Half of U.S. respondents disagree with the statement that national news organizations do not intend to mislead, misinform, or persuade the public, according to a new report by Gallup and Knight Foundation. This is in contrast to only 25 percent who hold a more optimistic view.

As our chart shows, when it comes to national news organizations, a fair share of the U.S. public feels skeptical at best. The survey found that only 23 percent of respondents thought national news organizations care about the best interests of their readers, viewers, and listeners, while 35 percent believe they care about the impact their reporting has on society as a whole.

U.S. adults have a slightly more favorable view of local news outlets though, with only 25 percent of respondents disagreeing that local papers and stations do not intend to mislead, misinform, or persuade the public, while 53 percent agreed that local news organizations care about the impact of their reporting on the community. One focus group participant said this is partly due to the fact that local organizations know the area personally and so they are more likely to understand any nuances and to care more about the people the stories impact.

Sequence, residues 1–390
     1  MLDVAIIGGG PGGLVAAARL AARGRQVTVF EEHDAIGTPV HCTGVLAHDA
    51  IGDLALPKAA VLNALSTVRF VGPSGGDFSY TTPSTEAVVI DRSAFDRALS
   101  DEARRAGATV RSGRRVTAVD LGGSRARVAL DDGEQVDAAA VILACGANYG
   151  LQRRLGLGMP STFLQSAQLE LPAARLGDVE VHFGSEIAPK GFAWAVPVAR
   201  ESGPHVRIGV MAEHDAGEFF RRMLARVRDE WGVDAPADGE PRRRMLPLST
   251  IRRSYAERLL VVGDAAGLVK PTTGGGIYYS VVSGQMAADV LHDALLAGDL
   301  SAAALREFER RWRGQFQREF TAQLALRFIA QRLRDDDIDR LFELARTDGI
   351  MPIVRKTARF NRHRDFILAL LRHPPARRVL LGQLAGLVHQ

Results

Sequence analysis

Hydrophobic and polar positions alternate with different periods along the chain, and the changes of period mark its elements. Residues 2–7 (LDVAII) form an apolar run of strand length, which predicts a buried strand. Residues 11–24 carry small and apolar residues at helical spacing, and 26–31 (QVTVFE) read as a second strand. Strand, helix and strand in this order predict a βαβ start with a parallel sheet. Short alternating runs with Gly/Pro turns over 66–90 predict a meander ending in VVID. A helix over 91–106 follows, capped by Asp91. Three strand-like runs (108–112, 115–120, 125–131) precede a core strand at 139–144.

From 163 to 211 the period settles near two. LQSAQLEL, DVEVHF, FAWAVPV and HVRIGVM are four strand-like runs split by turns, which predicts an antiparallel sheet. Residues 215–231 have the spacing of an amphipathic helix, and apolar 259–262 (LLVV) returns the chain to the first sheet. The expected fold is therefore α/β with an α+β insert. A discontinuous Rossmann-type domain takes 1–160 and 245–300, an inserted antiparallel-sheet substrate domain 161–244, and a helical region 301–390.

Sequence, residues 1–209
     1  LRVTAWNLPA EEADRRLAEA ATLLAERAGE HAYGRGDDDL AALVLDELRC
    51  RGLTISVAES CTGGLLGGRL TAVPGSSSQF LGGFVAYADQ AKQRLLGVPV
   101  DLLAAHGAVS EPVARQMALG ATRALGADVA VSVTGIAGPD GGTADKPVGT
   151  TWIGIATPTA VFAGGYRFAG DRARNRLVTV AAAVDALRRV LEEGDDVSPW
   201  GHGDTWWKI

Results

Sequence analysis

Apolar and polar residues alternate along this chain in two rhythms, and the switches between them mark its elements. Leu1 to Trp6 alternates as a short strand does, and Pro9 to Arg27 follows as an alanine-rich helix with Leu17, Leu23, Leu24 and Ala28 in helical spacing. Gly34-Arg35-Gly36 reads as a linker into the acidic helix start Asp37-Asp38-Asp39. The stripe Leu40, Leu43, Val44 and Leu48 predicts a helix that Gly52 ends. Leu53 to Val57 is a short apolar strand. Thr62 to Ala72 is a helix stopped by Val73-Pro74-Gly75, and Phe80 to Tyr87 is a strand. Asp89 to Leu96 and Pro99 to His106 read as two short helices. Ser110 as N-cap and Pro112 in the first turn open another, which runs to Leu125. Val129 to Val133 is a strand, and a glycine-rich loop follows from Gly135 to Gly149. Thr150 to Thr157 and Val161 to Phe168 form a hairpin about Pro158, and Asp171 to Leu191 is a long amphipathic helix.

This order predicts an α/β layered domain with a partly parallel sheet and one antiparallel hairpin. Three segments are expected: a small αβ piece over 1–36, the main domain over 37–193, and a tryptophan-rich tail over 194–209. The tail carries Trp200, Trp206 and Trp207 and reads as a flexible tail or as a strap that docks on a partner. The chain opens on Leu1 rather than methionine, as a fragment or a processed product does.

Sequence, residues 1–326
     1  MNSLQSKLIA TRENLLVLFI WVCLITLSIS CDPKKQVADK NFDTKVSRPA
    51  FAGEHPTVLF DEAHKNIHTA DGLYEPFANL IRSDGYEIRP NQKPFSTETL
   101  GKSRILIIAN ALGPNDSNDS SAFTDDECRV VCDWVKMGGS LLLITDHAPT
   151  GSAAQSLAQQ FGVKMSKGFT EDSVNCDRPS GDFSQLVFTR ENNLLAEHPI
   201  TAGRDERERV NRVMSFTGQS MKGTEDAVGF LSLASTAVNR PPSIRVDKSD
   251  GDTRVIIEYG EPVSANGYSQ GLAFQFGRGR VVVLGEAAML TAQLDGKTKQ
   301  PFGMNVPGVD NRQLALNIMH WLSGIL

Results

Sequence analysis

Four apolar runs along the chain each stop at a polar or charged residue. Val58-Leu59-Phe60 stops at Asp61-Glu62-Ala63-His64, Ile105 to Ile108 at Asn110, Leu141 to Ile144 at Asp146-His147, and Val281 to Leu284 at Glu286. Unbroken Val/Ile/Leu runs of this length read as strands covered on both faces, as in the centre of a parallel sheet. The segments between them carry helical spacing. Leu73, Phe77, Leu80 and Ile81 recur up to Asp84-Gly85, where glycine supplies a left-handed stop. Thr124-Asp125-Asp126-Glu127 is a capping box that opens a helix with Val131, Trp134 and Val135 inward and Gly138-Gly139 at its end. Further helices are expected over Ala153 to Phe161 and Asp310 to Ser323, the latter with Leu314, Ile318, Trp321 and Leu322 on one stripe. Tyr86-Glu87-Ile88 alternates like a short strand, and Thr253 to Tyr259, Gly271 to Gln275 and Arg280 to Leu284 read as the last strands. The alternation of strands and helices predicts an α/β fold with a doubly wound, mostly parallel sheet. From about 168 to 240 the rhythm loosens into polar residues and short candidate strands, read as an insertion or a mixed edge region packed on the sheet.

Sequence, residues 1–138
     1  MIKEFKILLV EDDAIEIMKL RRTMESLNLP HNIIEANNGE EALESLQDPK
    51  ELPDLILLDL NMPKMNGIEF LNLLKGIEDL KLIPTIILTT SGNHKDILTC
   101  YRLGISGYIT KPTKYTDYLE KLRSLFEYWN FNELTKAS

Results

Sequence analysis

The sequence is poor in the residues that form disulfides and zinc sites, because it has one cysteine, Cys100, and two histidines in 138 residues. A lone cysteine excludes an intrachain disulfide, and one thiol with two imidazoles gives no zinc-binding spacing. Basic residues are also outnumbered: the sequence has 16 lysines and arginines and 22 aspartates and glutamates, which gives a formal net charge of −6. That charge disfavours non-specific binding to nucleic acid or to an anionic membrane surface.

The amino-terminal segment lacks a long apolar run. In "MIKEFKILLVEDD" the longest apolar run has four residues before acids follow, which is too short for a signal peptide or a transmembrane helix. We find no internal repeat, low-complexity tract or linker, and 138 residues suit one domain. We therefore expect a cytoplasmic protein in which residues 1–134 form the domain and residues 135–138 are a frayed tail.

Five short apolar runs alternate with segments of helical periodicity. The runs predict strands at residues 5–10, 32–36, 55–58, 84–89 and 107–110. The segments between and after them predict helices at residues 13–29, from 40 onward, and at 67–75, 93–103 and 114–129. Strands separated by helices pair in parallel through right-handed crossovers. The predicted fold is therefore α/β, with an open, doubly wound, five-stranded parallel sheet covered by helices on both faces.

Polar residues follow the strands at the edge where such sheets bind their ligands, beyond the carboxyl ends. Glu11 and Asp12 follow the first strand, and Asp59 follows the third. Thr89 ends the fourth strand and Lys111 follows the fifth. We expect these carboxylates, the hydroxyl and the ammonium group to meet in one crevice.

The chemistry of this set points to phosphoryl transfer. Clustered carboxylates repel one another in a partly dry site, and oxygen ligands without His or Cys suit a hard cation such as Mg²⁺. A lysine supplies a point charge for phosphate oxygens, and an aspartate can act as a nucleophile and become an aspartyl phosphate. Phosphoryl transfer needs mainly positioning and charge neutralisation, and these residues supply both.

In terms of funding, respondents thought that both kinds of news organizations have the resources and opportunities to report the news accurately and fairly to the public. 72 percent of people agreed with this statement with regard to national news organizations, and 65 percent agreed in terms of local organizations.

Infographic: Half of Americans Believe News Deliberately Misleads | Statista

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Source: en.protothema.gr